posted on Jan, 14 2007 @ 10:54 PM
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Hmmm.... As someone pointed out weight would be an issue: so would maintenance, stresses, logistics(ie: what are you sacrificing to include this system), fuel consumption, etc... I wouldn't run off to Lockeed just yet. BUT you have shown the inventive spirit of an engineer and it should be commended that someone your age is showing this kind of initiative and inventiveness. My advice would not be to hope this idea goes anywhere now but to turn your obvious interest into a passion that leads to career... which cold lead to some ground breaking idea. Get good grades, go to a decent college that offers aeronautical engineering and don't let go of your ideas. I couldn't even begin to describe the crazy bridges and such that I dreamed up in when I was young. College will hone those far fetched ideas into the engineering mind and give one a practical base from which to operate. Keep it up. as someone suggested, the solution to the flaws in your plan probably lie in thrust vectoring, though what those are for fully three dimensional vectoring i do not know as I am no aeroeng. (as a civil-structural engineer I really despise things that move and all the problems that brings, which is why we have mechanical engineers).



posted on Jan, 15 2007 @ 01:17 PM
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Here's some more info:
For the ramjet, the smaller engines have a valve that erects inside to divert the airflow into them when erected. The smaller engines are also connected right before the igniters and fuel injectors, preventing the valves from burning. When activated, the plane would slow down any way because the smaller engines are attached to air spoilers.



If you had an aircraft that was otherwise normal, but somehow were able to divert some thrust to the wingtips, you'd have a bit of advantage if you could control it a bit. Allowing the thrust nozzles on the wingtips to tilt slightly would give better roll rates, for example. The idea here being that if it were an F/A-18 Hornet, you could have the engines in a tight, central formation while translating some of the thrust to the wingtips. This would boost the roll rates. Also, as a cheap substitute for thrust vectoring it might be possible to move the thrust over or through the elevators (so long as they could withstand the stress) and gain some more maneuverability that way.

Originally, I had a similar idea connected with the straft engine systems. It could help with satelites and the space shuttle for sure. I do use a similar system in science fiction spacecraft in my books, for sure.
(That could explain the X-wing's excellant maneuverability in space
)
I will thus thank you for this trouble-shooting. I didn't know some of that, but I'll take it for consideration.



posted on Jan, 15 2007 @ 06:04 PM
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Originally posted by DarkStars Aurora
Here's some more info:
For the ramjet, the smaller engines have a valve that erects inside to divert the airflow into them when erected. The smaller engines are also connected right before the igniters and fuel injectors, preventing the valves from burning. When activated, the plane would slow down any way because the smaller engines are attached to air spoilers.


But the problem is you'd have to slow down to a very low speed to use them properly. If they function as you describe (allowing a hover and so forth), you'd have to be at a very low speed in the first place. Near-stall, likely. If you were at these speeds and still managed a hover, you'd have a very large problem in a WVR and a BVR situation. BVR you'd simply be missiled to death with lack of airspeed to do anything about it. In WVR it'd be the age-old Cobra debate, with which I have to say is a good idea, but only works in very limited circumstances.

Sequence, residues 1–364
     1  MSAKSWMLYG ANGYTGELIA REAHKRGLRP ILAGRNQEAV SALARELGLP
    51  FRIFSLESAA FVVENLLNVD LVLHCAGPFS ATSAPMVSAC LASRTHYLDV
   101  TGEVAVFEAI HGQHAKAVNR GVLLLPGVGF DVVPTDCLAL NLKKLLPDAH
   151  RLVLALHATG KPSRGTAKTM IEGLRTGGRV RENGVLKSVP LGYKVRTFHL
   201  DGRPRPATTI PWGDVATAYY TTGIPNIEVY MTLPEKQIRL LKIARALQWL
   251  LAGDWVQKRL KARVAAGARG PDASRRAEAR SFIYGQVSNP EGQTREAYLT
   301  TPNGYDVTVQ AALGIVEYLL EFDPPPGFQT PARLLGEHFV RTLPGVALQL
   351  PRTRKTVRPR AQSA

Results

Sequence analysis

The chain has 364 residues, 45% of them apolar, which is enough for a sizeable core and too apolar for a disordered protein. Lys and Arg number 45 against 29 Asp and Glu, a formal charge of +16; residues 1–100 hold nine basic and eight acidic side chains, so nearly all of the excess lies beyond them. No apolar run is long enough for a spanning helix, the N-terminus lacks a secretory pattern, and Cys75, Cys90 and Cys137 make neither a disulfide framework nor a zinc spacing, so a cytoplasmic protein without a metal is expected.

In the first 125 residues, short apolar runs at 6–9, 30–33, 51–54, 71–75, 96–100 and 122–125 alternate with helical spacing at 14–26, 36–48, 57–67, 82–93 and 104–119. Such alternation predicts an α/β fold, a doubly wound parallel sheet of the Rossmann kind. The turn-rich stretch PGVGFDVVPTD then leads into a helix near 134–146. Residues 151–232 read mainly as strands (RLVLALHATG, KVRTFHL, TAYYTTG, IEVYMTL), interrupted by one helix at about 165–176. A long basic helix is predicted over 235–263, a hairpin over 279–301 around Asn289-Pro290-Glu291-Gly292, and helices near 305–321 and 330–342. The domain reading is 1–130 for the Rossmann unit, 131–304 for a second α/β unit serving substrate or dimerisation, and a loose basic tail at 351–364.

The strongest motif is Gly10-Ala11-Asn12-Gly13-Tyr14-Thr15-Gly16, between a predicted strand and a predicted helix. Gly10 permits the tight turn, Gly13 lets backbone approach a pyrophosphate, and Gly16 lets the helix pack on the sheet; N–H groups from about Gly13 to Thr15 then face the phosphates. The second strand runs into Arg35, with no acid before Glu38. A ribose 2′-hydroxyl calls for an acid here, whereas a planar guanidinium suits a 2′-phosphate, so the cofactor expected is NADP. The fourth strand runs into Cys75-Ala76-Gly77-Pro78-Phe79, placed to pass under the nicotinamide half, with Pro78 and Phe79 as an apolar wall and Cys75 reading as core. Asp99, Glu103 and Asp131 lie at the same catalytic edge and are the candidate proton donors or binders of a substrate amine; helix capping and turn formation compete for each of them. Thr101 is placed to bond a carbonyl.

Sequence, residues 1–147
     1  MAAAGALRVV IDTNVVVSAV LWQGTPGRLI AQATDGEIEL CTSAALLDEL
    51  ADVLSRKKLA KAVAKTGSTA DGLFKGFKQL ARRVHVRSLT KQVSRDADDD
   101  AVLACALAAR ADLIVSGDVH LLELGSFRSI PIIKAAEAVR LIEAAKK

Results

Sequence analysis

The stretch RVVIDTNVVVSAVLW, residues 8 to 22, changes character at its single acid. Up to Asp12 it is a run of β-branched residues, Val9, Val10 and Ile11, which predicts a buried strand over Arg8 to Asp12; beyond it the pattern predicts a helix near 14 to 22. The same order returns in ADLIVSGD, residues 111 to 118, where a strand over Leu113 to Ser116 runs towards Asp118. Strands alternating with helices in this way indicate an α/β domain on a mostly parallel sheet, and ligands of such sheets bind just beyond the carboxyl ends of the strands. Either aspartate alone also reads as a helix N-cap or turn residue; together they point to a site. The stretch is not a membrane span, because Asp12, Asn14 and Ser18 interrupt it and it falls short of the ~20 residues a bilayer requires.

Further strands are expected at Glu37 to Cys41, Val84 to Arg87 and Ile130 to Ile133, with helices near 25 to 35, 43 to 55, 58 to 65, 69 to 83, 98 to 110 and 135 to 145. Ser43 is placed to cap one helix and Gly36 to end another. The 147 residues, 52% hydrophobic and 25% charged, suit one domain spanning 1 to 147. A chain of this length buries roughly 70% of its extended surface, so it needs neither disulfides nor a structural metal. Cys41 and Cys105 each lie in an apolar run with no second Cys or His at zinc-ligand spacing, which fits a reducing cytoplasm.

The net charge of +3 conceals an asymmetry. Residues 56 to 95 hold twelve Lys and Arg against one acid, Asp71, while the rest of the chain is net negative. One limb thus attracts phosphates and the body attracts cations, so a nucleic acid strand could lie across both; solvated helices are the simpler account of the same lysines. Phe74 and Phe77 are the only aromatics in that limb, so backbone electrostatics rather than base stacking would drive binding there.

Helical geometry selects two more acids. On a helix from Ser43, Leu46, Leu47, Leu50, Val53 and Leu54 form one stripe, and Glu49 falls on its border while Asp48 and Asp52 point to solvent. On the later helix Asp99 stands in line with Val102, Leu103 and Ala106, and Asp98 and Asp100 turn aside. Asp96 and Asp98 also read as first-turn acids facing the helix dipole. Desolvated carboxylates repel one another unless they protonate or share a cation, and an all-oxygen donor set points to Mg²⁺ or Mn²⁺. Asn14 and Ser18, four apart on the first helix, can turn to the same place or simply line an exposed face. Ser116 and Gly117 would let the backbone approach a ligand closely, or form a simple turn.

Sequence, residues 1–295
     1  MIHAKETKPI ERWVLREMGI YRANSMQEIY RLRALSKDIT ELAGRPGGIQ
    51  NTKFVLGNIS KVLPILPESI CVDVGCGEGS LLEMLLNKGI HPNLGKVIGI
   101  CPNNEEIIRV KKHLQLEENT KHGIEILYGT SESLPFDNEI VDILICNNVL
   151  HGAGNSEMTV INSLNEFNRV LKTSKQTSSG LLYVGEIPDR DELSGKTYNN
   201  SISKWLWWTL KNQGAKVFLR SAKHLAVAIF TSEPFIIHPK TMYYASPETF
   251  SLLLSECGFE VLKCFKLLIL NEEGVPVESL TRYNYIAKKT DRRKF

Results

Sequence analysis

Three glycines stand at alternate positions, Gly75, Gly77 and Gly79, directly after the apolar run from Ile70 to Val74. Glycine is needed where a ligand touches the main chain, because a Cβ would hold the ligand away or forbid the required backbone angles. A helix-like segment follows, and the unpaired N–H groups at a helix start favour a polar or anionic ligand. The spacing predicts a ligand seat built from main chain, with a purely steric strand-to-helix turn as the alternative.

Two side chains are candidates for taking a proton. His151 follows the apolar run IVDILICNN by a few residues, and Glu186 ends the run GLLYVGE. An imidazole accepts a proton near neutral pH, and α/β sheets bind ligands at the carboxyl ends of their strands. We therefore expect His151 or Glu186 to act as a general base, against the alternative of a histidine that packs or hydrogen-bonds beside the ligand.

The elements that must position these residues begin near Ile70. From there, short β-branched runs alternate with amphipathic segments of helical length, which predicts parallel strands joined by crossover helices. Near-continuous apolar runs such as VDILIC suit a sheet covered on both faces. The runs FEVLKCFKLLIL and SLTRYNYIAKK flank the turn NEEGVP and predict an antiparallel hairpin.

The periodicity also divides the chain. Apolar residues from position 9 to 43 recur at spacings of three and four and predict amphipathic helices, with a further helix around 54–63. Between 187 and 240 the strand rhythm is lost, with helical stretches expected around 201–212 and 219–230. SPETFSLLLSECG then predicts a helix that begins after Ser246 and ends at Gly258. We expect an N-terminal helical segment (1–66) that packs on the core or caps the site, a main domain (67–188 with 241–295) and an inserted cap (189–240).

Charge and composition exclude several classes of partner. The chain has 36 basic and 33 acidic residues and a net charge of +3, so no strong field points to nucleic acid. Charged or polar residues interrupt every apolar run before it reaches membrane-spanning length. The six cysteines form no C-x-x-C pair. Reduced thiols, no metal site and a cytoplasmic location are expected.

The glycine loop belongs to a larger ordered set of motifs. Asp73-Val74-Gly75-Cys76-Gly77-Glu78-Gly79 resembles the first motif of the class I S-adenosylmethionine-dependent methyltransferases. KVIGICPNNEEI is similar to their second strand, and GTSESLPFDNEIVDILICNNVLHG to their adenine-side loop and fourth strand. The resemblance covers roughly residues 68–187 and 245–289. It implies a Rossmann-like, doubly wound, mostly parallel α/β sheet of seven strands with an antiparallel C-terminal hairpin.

Originally, I had a similar idea connected with the straft engine systems. It could help with satelites and the space shuttle for sure. I do use a similar system in science fiction spacecraft in my books, for sure.
(That could explain the X-wing's excellant maneuverability in space
)
I will thus thank you for this trouble-shooting. I didn't know some of that, but I'll take it for consideration.


Being a Star Wars geek, I have to reply to this. The X-Wing has no moving surfaces on the wings (except for the whole wing itself, which moves for extra cooling of weapons systems). The X-Wing is controlled only by retro-thrusters on the front as well as thrust vectoring on its 4 ion engines at the back, which is performed only by the very small engine outlets. The intakes on the front are only for cooling in atmospheric environments, I think. Yeah, I like seeing how and why things work. I've had my fun
.

Anyway, the straft engine is an interesting idea, I'd just like to make some suggestions to perhaps improve the design.

I'd have to see diagrams to compare the large engines to the smaller strafts. However, I'll assume that they're anywhere from a quarter to a third the size of the engines (which is still big enough to contribute some serious weight). The engines that I think might work best would be ones approximately 2 feet long, around there. It's not very big, that's right. It's to keep the weight down and the space required down.

The second would, instead of having erectable engines sticking out, I would embed them in the fuselage (or maybe even in the wings if you can fit them and afford the weight) in areas as far away from the COG as you can get for greatest effect. This was you avoid increased drag, and with a bit of engineering kung-fu you can even use them at any speed. You can add a straft engine outlet facing as forward as you like, but the lip at the frontward section of the outlet must be lower (assuming that the outlet is on the bottom of the aircraft) than the lip at the rearward section. So in this way, the airflow "jumps the gap" of the straft engine outlet, making a sort of retro-thruster, but for aircraft.

Third, I would advise that these be ramjets to decrease the weight in these suckers as much as possible. As you've already suggested, a vent in the intake will pull this off quite nicely. They're simple, can be made small, and don't need really big intakes.

That's about it for now, I'll probably think of more later.